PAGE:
Containing Oil Spills

At the time, spill response capabilities to deal with the spreading oil will be found to be “unexpectedly slow and woefully inadequate,” according to the Oil Spill Commission’s report. “The worldwide capabilities of Exxon Corporation would mobilize huge quantities of equipment and personnel to respond to the spill — but not in the crucial first few hours and days when containment and cleanup efforts are at a premium.” 

The commission added that the U.S. Coast Guard, “would demonstrate its prowess at ship salvage, protecting crews and lightering operations, but prove utterly incapable of oil spill containment and response.”

 

illustration of oil tanks inside super tanker Exxon Valdez

At 987 feet long and 166 feet wide, the Exxon Valdez – delivered to Exxon in December 1986 – was the largest ship ever built on the West Coast.

 

Oil Spill Cleanup Lessons

Exxon began a cleanup effort that included thousands of Exxon and contractor personnel, according to ExxonMobil. More than 11,000 Alaska residents and volunteers rushed to the coastline to assist. “Because Prince William Sound contained many rocky coves where the oil collected, the decision was made to displace it with high-pressure hot water,” reported the authors of “Scuba Techniques Used to Assess the Effects of the Exxon Valdez.”  The 2001 report added:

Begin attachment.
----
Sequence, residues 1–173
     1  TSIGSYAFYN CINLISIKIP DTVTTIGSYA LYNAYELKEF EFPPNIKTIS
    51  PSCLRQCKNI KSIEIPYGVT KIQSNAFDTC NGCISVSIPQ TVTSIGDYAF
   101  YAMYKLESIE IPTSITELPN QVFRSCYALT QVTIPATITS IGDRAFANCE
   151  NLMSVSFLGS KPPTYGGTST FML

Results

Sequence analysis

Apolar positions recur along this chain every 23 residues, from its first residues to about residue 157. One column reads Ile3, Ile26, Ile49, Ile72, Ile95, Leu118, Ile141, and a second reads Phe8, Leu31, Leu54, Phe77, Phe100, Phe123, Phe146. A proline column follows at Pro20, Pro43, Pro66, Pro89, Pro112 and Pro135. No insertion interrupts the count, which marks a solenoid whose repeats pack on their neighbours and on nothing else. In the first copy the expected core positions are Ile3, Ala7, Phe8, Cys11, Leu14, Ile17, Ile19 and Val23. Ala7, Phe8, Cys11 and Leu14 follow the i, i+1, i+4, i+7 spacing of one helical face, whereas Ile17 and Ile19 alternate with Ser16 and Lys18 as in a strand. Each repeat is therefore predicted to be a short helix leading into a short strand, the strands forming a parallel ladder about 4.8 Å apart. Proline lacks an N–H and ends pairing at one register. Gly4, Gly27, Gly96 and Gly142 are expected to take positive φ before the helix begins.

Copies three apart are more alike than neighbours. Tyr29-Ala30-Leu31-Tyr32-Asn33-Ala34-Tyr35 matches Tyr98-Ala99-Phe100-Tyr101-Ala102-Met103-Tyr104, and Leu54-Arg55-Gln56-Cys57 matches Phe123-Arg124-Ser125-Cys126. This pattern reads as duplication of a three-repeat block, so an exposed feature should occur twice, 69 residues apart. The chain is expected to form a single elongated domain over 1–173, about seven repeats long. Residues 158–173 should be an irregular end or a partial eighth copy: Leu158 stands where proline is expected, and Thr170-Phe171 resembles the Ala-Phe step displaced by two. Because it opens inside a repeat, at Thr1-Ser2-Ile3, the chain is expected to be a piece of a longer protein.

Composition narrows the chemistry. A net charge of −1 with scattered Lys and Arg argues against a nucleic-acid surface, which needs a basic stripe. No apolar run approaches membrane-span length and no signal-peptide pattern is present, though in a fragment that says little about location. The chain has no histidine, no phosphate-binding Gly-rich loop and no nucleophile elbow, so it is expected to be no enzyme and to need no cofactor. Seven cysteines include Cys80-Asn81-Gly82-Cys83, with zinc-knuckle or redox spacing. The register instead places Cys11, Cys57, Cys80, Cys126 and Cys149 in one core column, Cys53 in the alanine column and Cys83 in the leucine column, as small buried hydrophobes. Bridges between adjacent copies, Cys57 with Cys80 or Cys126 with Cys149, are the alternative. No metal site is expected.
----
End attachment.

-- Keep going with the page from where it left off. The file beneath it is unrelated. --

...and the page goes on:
However, this also displaced and destroyed the microbial populations on the shoreline; many of these organisms (e.g. plankton) are the basis of the coastal marine food chain, and others (e.g. certain bacteria and fungi) are capable of facilitating the biodegradation of oil.

At the time, both scientific advice and public pressure was to clean everything, but since then, a much greater understanding of natural and facilitated remediation processes has developed, due somewhat in part to the opportunity presented for study by the Exxon Valdez spill.

Within a year of the spill, a study conducted by the Alaska Oil Spill Commission resulted in the 1990 Details about the Accident report. Experts continue to review the effects of the Exxon Valdez grounding on Bligh Reef.  Most scientists today say the ecosystem in Prince William Sound, although still recovering, is healthy.

According to ExxonMobil, the company spent $4.3 billion as a result of the accident, “including compensatory payments, cleanup payments, settlements and fines. The company voluntarily compensated more than 11,000 Alaskans and businesses within a year of the spill.” Field and laboratory studies continue to examine affects of the oil spill, which resulted the Oil Pollution Act of 1990.